Friday, March 5, 2010
49º ~ sun on the path to warming
Today was a bit of new start after last week's disaster. I had to start a new journal, even though I'd barely written in the ruined one, and I had a slew of recently received lit mags on the desk. While I may want to sit down at the desk and immediately begin to write, my process doesn't work that way. I need to read for a good half-hour to an hour to settle my brain and get the ground to soften and allow the new shoots through. Today, I read the recent issue of American Poetry Review. Before I get to the drafting, I wanted to share the end of a poem that leapt off the page for me. Joe-Anne McLaughlin is new to me, but has three books I plan to check out. McLaughlin's poem "Munnsville Sites, Or Why You Should Visit" ends this way: "yellow jackets / harvest apple pulp so sweet, / one bite / could prevent your suicide / for weeks:" Wow!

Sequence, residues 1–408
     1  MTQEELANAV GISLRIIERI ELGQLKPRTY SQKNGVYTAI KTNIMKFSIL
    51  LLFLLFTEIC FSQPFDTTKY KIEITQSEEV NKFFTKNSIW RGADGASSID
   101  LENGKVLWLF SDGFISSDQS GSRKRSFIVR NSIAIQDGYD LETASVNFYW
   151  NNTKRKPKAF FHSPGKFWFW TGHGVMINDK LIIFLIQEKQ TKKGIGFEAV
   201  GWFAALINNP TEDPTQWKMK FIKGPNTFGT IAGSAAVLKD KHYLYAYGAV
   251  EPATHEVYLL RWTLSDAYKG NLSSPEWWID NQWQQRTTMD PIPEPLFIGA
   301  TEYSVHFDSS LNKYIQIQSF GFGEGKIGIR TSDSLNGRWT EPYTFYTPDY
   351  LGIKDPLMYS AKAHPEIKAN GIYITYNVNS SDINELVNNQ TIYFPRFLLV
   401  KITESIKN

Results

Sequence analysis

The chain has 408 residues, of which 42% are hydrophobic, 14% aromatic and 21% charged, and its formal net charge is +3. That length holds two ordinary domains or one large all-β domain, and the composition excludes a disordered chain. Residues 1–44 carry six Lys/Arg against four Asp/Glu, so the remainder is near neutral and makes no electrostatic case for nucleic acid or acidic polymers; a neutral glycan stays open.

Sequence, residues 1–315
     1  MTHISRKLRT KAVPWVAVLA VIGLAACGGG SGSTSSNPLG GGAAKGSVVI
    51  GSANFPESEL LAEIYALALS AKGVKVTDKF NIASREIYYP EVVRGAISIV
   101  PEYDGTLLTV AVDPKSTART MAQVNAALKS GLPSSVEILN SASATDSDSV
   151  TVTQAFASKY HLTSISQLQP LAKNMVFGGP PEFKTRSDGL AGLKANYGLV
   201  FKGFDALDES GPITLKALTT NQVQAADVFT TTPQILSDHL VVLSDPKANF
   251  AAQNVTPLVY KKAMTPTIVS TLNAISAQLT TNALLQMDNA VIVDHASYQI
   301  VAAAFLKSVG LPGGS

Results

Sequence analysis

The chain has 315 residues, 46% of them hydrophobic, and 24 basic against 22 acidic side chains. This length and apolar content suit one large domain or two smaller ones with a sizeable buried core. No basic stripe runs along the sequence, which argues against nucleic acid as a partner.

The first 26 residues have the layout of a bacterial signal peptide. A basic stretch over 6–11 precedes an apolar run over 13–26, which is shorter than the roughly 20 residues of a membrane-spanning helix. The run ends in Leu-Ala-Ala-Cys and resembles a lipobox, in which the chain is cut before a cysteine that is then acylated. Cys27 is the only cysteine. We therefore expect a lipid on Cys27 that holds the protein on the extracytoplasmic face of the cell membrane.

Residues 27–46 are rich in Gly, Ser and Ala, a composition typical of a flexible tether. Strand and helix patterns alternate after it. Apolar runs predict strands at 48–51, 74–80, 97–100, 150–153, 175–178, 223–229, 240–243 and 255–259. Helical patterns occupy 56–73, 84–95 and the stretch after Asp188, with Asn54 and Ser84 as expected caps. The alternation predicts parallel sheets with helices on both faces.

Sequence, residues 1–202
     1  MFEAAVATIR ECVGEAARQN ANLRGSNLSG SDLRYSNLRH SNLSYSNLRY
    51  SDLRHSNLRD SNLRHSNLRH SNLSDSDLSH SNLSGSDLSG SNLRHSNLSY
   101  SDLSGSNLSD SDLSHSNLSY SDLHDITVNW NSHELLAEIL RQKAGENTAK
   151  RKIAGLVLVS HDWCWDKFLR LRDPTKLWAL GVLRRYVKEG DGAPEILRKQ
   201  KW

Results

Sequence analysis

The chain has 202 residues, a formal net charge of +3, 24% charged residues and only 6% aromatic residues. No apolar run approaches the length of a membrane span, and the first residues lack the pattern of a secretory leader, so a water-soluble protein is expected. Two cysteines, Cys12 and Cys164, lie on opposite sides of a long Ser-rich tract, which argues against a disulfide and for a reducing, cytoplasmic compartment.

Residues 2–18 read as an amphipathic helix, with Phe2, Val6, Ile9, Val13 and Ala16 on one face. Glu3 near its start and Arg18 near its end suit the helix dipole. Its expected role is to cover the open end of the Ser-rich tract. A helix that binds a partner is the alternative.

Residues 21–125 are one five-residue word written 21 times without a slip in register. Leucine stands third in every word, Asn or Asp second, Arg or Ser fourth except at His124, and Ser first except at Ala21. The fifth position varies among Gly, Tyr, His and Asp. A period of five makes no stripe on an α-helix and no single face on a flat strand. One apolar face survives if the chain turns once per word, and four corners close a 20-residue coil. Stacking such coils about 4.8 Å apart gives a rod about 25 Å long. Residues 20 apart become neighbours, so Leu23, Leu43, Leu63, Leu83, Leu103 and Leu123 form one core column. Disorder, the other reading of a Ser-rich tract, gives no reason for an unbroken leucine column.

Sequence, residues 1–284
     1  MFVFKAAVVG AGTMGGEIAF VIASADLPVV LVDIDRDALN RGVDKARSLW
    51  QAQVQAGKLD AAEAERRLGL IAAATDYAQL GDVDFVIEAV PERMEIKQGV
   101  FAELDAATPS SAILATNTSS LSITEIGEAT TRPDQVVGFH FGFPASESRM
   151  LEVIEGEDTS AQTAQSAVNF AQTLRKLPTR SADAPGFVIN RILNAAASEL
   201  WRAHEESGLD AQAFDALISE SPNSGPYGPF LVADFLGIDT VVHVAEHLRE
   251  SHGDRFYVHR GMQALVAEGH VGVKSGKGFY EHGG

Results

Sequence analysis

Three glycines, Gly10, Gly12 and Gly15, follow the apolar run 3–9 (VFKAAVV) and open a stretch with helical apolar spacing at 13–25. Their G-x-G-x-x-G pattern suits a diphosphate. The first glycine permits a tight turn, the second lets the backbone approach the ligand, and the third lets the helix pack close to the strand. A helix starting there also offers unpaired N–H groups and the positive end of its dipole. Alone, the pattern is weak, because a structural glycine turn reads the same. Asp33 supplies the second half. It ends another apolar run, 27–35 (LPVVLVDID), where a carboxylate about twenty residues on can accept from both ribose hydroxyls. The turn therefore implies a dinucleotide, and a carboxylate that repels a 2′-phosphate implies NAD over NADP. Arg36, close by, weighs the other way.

With that echoing in my head, I felt limber enough to begin staring at the blank page myself. I decided I'd look at my inspiration cards, and it turned out that the first one I looked at (a new one), set me off. I've included it here. Sadly, the fish doesn't make an appearance in the poem. The first line actually arose from a bit of McLaughlin's bio in APR: "Likewise, she runs... . " The bio goes on to talk about a summer program McLaughlin runs, but the sound and the rhythm of "Likewise, she runs" spawned the poem that became "The Nature of Conflict." I took the title and the emotional sense of the poem from the card, and I used the sheep and the bouquet. What I love about these cards is that every time I look at them, I see something new or have a chance to go in a new direction. They startle me out of my poetic ruts, and let's face it, we all have our own poetic ruts.